Loma Roggenkamp was looking for a new career. Saddled with a huge student-loan debt and an underpaying job in graphic design, the 29-year-old Pennsylvanian was forced to move home with her parents to make ends meet. Then she heard about Iowa Lakes Community College's Wind Energy & Turbine Technology program, which trains students in wind-turbine operations. With a bachelor's degree in science, an interest in the environment and an eye on the slumping economy, changing gears was a no-brainer. "This is one sector that's really growing," says Roggenkamp. "That was a big draw—that there's jobs, and it's projected there will still be jobs."
The demand for skilled workers in the rapidly growing wind-energy industry has spurred the creation of more than a dozen wind-technology programs across the country. Iowa Lakes started its program—one of the first in the country—in 2004 with 15 students. This coming fall, 102 are enrolled. George Boggs, president and CEO of the American Association of Community Colleges, says he doesn't know the exact number of wind-energy programs that are currently being created, but "from what I'm hearing in the field, these programs are developing rapidly." Most programs result in two-year associate's degrees, which generally cost no more than $10,000—not bad considering that the starting salary for a wind technician runs between $20 and $25 an hour, and a job is virtually guaranteed. But it's not just community colleges that are meeting the demand for skilled technicians. Companies like GE are training 1,600 new hires in turbine technology "every year for the foreseeable future," according to Bob Ward of GE Sensing & Inspection Technologies, a division that develops technologies to help maintain the company's network of 10,000 turbines around the world.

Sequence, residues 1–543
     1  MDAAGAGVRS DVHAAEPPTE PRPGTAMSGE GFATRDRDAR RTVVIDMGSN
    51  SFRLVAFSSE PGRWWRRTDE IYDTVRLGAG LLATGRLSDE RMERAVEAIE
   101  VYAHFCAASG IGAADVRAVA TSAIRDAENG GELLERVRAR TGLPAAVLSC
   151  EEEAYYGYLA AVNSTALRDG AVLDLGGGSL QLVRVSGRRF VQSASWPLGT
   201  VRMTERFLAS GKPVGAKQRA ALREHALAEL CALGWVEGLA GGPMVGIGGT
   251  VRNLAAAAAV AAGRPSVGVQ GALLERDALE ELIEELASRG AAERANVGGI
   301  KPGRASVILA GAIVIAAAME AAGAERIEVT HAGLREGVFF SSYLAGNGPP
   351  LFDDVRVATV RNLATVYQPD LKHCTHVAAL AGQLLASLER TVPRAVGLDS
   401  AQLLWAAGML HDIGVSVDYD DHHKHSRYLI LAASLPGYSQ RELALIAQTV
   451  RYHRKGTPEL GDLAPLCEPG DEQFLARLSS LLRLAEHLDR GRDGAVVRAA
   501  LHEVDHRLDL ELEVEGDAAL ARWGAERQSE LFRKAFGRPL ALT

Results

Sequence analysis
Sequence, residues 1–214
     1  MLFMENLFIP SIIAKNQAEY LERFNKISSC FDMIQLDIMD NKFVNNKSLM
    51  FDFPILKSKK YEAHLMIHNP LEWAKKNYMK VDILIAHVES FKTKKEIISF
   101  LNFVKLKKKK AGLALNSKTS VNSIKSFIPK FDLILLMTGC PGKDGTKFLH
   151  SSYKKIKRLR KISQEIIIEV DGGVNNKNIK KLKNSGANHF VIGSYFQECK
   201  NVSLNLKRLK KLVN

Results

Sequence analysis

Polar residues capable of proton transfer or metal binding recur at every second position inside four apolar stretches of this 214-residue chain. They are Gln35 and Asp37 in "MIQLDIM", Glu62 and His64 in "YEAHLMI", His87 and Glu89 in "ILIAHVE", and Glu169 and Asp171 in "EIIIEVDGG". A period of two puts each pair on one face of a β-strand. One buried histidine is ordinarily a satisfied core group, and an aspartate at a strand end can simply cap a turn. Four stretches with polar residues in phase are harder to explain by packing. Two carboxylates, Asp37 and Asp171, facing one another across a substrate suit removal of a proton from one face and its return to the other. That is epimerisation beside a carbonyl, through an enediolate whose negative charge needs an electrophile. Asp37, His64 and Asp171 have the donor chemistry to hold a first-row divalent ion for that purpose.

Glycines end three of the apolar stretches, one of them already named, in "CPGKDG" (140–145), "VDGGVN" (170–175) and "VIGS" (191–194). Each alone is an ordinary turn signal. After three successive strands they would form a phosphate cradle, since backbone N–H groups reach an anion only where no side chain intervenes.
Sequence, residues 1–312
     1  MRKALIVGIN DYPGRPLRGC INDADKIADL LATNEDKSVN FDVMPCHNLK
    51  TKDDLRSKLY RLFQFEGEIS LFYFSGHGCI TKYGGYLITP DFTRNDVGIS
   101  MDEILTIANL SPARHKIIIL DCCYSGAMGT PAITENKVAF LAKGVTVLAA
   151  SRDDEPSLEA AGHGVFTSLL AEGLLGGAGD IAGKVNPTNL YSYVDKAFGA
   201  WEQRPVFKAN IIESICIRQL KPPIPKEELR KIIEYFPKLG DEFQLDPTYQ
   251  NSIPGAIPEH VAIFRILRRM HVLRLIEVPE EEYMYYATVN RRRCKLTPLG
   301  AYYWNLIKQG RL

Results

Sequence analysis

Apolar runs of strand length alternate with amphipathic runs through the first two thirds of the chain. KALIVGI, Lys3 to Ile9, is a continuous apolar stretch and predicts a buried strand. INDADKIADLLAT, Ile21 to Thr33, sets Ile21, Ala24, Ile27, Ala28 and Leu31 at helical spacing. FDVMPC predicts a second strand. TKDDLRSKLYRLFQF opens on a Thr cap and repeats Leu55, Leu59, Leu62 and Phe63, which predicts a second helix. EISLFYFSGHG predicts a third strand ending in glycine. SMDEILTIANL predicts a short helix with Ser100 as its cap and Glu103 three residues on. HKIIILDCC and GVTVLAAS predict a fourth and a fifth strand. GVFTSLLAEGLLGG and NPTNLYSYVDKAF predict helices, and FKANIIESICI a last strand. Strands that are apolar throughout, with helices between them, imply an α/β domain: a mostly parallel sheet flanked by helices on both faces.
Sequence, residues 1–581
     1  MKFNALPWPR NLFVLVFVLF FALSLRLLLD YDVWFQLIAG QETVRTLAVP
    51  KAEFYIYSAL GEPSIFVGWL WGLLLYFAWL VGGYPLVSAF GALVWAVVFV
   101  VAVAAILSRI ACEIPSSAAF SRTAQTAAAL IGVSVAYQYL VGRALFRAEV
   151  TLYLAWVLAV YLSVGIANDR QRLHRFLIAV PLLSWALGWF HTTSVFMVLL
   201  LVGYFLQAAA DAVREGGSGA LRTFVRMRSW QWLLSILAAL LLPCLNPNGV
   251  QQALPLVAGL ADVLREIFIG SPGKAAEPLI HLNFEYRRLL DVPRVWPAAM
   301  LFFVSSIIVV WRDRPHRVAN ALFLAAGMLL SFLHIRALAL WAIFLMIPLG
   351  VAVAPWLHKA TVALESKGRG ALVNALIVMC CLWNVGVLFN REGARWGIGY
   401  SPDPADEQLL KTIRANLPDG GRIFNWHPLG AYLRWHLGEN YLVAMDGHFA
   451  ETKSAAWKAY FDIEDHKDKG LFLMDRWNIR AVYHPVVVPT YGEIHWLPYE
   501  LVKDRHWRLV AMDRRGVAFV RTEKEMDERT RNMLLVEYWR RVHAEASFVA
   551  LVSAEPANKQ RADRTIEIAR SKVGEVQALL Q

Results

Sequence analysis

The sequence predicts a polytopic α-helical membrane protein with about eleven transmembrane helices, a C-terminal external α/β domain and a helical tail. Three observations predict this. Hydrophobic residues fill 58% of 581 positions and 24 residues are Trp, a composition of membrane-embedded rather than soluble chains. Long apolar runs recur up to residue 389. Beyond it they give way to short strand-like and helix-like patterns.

"We're building a brand-new industry from the bottom up," says Denise Bode, CEO of the American Wind Energy Association. "It's like building an auto industry. There are new long-term jobs being created, and they're being created pretty fast."
The passage of the stimulus bill, which allocates about $50 billion for clean energy, brings even more hope to the industry. Like every other sector, renewable energy has felt the effects of the recession. "We were dead in the water at the beginning of this year like everybody else," says Bode. Financing was limited because of the shaky market, and turbines sat in manufacturing facilities waiting to be placed on wind farms. But, as Bode explains, many projects had already started, "and you don't stop on a dime if you're building a new facility." The new infusion of money, in the form of tax credits and grants, ensures that that momentum continues.
Some companies are already taking into account the impact of the new cash. Houston-based Horizon Wind Energy, which operates wind farms in eight states, plans to double its capacity in the next three years thanks to the stimulus bill, says chief operating officer Gabriel Alonso, and it announced in February that it will be opening a new 200-megawatt plant in Indiana.
So how many jobs exactly will come out of the green energy sector? No one can say for sure, but in an industry whose massive infrastructure is merely in the beginning stages of development, the potential is huge. Monique Hanis, a spokesperson for the Solar Energy Industries Association, estimates that 110,000 jobs will be created in solar energy by the end of next year. And Bode estimates that if the industry meets President Obama's goal of doubling renewable energy output in the next three years, an objective he reiterated in his economic speech on Tuesday, the wind sector will create 185,000 jobs in that time period. Many of those jobs will be in areas that were hit hardest by the recession, like manufacturing and construction, meaning that jobs in the green sector could replace those that were lost in blue-collar industries.
That is surely promising news to the country's rising number of unemployed. And it is certainly good news to Loma Roggenkamp, who is now in her first year of training at Iowa Lakes. "I'm quite happy [coming] into this program and this industry," she says. "Every day I think, yeah, I finally made a good decision."